3 Kinds Of Tanden Used In Karate Techniques

what is tanden?

Tanden, in Chinese pronounced as Dan Tien – shared for those who love Google – is the centre of the body. It is maybe better to verbalise it as the centre of gravity which lies inside the body.

Here's the vertical line, using Seichusen as a central axis.

Both images above and below show Tanden as the white dot — inside the body.

So not just "an inch below the navel. Not on the surface. It goes straight through by Seichusen and so lies on centre line, in the centre.

seichusen, tanden and seichumen

Drawing a line straight down to the ground from the top of the head till the ground, the centre of gravity is slightly ahead of the middle of the ankle. 

The black dot is the location where the centre of gravity is on the floor. When it comes to stances and weight distribution, that concept is a more complete approach than say "60/40" because it talks about forward, back, left AND right (instead of only forward and back).

Tanden is imaginary. It's your point of focus.

The white-dot location is "Seika Tanden", but also "Ge-Tanden". Usually, most simply call it "Tanden". 

That said, there are 3 👇

3 kinds of tanden (seika-Tanden is well known)

Ge-Tanden is the 'lowest' Tanden, also called Seika-Tanden. This is the one most referred to, but there are more. 

3 to be precise:

  1. Jo-Tanden
  2. Chu-Tanden
  3. Ge-Tanden

Jo-Tanden is the forehead. But smaller. Tanden is always the tiniest dot you can imagine — it's not a big area.

Practically though, it's different.

When you think of a "true" Jo-Tanden, or any of the Tanden really... it's hard to imagine how you can use it.

Think about it.

Is it a muscle? Bone? Tendon?

Is it ANY part of the body known by doctors, physical therapists or science?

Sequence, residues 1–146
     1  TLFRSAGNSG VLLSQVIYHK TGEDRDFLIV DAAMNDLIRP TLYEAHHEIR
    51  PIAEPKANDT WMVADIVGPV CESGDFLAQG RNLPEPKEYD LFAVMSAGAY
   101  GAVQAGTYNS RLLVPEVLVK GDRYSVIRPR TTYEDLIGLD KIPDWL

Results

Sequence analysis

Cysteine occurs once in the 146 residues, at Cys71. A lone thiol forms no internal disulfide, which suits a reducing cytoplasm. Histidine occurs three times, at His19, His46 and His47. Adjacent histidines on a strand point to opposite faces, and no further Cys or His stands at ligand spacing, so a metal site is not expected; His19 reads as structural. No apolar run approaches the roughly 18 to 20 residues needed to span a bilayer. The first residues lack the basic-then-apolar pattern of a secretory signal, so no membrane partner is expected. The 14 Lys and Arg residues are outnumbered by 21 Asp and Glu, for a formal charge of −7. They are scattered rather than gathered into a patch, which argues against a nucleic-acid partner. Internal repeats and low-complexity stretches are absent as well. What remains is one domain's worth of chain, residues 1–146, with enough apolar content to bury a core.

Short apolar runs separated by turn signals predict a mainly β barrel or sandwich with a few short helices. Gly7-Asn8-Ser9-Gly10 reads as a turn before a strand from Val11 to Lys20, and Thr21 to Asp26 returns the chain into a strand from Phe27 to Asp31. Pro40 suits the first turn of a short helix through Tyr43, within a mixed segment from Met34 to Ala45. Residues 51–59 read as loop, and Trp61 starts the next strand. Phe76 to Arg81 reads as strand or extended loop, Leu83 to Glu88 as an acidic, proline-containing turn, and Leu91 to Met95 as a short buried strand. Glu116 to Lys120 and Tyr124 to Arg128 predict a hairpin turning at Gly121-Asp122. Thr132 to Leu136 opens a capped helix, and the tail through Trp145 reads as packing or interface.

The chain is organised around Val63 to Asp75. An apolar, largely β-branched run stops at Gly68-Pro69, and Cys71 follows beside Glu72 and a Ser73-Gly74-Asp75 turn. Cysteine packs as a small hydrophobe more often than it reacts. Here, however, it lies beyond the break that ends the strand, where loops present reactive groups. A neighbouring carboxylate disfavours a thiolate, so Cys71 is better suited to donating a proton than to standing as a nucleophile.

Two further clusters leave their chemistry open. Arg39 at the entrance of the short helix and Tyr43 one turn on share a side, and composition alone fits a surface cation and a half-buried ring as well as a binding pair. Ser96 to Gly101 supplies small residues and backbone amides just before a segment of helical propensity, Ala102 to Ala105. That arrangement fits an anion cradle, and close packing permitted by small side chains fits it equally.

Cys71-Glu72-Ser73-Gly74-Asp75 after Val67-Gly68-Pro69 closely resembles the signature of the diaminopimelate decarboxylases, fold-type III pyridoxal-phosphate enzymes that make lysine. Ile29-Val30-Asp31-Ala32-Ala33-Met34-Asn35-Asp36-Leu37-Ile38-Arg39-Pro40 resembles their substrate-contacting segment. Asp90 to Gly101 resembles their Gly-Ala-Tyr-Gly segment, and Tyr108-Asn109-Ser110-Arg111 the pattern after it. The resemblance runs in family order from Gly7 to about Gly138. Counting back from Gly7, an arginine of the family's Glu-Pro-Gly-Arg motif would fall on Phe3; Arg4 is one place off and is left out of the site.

No. Tanden is imaginary... and put plainly: it doesn't exist.


When you imagine Tanden to be your source of power, you're forced to move from the center which then allows you to move more smoothly and use your body weight more effectively.

let's look at 2 core karate techniques: Kick and punch

When you punch, your attention goes to the upper body and fist. Yes, you may hurt your opponent a lot, but what about the next movement?

If you focus on punching "from Tanden" you're more likely to create correct stability and power output that STILL allows you to move and stay centered.

When you kick it's the same thing...

  • your body will remain more straight up (instead of leaning back excessively)
  • your kick will have more penetrating power (instead of pushing power)
  • you suffer (no or) less Itsuki which allows you to connect follow-ups more easily EVEN if you miss target (instead of your kick being a single technique)


Although Tanden is a concept and not a muscle that you can control, it helps you to focus on the AREA that needs attention.

When you punch 'from' and 'with' Tanden, you'll get that Karate punch result. The same is true for Seichusen, which is an imaginary line that does not actually exist, but helps you to control your body movement better.

The concept of Tanden raises your awareness.

That said, it's more powerful if you know exactly what to do... 

So up next 👇

tanden made practical

Still, you may not know what to do next time you go to the Dojo...

...so let's make this more practical.

Image from an in-depth article inside Ido Kihon Pro

Jo-Tanden is located at your forehead. Or simply: head. Because that's easier to focus on.

For Chu-Tanden, you can say sternum. And chest. 

Ge-Tanden is easy: hip.

For example, in Junzuki, keep all Tanden in line, so you can move correctly from A to B keeping your body erect: it's easier to put your body weight behind your strike.

A practical key is to "push your hip" forward.

Don't you think that's easier to execute than "move from Tanden"?

Anyway, time to wrap this up.

Or rather: move on. Study "Seichusen". Now you know about the 3 Tanden, Seichusen's vertical line is easier to understand — especially the high-level "bend and restore" skill.

==> Read more on Seichusen here.


Discover how to execute kihon kumite correctly and know the underlying principles so you never worry about "the correct way" ever again — including hidden techniques revealed by sakagami sensei

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